Thus ends what is without doubt the most colourful and eloquent book of symbolic imagery in the Old Testament, paralleled only by the Book of Revelation in the New. The two books, separated in time of writing by six centuries, do in fact constitute a remarkable pair. The Book of Revelation is an account of the conflict between good and evil as it affects the Christian Church, the heavenly instrument in God’s hand for world conversion, and closes with the overthrow of evil and the triumph of the Church. The Book of Zechariah is an account of the conflict between good and evil as it affects Israel, the earthly instrument in God’s hand for world conversion, and closes with the overthrow of evil and the triumph of Israel. The two books commence their respective stories at separate periods on the stream of human history, but they coincide at their close, both culminating at the point where the Lord Christ at his Second Advent takes to himself his great power and commences that reign over the earth which is elsewhere described as "the desire of all nations." (Hag.2:7) Perhaps the best commentary upon the whole dramatic story resides in the Lord’s words to the prophet, to be repeated to Israel, right at the commencement of Zechariah’s ministry. "Thus saith the LORD of hosts; My cities through prosperity shall yet be spread abroad; and the LORD shall yet comfort Zion, and shall yet choose Jerusalem." (Zech.1:17)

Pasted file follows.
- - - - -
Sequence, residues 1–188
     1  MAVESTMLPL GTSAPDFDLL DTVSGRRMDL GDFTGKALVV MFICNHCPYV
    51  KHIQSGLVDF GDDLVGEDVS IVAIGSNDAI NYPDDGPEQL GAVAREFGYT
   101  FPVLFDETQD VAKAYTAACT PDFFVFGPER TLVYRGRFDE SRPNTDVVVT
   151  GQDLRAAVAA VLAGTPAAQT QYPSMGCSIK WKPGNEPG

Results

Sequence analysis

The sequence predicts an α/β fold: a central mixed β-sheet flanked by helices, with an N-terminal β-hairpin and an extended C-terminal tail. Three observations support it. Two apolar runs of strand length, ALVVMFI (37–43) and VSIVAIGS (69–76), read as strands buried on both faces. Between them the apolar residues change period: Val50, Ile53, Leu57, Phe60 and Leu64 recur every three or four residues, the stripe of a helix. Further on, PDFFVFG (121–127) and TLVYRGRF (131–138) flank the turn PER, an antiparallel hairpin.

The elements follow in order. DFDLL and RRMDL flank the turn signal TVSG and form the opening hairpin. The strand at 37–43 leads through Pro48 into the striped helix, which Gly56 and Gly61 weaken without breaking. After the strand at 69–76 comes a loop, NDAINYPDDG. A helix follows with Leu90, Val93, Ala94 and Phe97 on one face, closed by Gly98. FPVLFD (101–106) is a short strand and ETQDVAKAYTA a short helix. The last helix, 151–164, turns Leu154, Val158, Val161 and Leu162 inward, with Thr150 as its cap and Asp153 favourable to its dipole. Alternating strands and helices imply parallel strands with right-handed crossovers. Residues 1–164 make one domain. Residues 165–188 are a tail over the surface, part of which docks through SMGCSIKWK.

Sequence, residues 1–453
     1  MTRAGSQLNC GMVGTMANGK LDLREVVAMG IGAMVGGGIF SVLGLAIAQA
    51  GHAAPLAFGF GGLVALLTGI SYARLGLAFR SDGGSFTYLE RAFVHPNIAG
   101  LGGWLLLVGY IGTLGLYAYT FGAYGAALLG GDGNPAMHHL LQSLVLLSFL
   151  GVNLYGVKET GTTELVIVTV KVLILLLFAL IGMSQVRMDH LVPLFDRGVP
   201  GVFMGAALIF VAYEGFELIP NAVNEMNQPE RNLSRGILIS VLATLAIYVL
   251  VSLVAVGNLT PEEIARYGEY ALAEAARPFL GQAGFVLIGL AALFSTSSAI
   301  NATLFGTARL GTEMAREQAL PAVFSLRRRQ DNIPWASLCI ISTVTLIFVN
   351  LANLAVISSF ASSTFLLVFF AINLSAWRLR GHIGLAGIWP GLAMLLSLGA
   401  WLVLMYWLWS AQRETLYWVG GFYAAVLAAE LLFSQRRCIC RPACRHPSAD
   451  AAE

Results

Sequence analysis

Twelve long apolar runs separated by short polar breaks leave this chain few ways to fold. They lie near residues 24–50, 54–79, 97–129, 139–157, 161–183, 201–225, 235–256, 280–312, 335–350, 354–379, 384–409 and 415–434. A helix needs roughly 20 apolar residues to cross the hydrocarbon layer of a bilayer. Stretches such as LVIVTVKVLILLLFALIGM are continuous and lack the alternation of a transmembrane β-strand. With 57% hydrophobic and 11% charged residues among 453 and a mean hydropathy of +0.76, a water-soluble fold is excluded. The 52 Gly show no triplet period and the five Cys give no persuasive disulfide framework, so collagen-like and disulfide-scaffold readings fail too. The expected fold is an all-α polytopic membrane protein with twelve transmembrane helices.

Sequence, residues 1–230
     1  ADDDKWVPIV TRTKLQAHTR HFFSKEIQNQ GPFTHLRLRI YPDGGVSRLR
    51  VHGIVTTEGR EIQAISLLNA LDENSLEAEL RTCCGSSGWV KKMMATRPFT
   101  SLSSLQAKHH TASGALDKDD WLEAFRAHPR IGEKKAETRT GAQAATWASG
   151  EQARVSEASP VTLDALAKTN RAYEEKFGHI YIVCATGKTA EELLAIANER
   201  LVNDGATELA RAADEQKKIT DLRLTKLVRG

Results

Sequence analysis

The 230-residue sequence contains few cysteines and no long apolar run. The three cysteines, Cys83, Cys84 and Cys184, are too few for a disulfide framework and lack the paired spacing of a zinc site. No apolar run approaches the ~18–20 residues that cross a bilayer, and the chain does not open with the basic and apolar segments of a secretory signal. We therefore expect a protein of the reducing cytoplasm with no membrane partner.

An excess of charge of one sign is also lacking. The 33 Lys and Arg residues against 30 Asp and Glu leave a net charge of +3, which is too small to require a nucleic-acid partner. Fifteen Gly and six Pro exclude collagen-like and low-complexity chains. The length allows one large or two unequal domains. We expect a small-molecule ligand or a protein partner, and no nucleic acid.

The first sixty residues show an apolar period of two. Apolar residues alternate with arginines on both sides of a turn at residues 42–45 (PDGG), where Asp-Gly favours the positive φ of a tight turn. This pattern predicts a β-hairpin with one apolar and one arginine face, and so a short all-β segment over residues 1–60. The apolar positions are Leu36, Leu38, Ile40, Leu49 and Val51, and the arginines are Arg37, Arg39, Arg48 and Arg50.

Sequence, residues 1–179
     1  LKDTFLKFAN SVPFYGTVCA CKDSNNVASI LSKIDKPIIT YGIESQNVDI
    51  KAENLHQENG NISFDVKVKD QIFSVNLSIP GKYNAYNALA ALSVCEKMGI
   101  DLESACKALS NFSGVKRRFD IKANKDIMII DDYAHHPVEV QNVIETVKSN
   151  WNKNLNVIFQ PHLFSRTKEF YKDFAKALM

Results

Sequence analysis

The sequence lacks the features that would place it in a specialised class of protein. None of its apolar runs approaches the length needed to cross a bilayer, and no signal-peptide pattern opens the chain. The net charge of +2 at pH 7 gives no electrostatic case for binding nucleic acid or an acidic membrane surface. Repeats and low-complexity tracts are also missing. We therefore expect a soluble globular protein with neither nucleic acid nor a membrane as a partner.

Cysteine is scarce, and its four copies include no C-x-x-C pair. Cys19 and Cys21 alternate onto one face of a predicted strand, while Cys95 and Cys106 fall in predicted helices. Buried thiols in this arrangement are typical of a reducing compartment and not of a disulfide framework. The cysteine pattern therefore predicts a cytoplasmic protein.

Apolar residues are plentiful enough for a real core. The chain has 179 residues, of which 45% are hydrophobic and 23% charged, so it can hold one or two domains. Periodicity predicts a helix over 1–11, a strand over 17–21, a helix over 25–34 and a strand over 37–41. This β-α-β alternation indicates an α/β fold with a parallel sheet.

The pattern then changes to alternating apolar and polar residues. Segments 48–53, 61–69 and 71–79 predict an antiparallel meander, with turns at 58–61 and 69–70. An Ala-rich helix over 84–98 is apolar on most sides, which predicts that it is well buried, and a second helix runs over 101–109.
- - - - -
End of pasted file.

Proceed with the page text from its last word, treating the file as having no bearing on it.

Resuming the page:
Desire n. craving, longing; eagerness to obtain; expressed wish or request; lust, object of desire.
In the light of the sentence toward the beginning of this page, some may be interested in the pamphlet “World Conversion—When?”
“And when all things are thus subject to him, then the Son himself will also be made subordinate to God who made all things subject to him, and thus God will be all in all.” (1 Corinthians 15:28 NEB)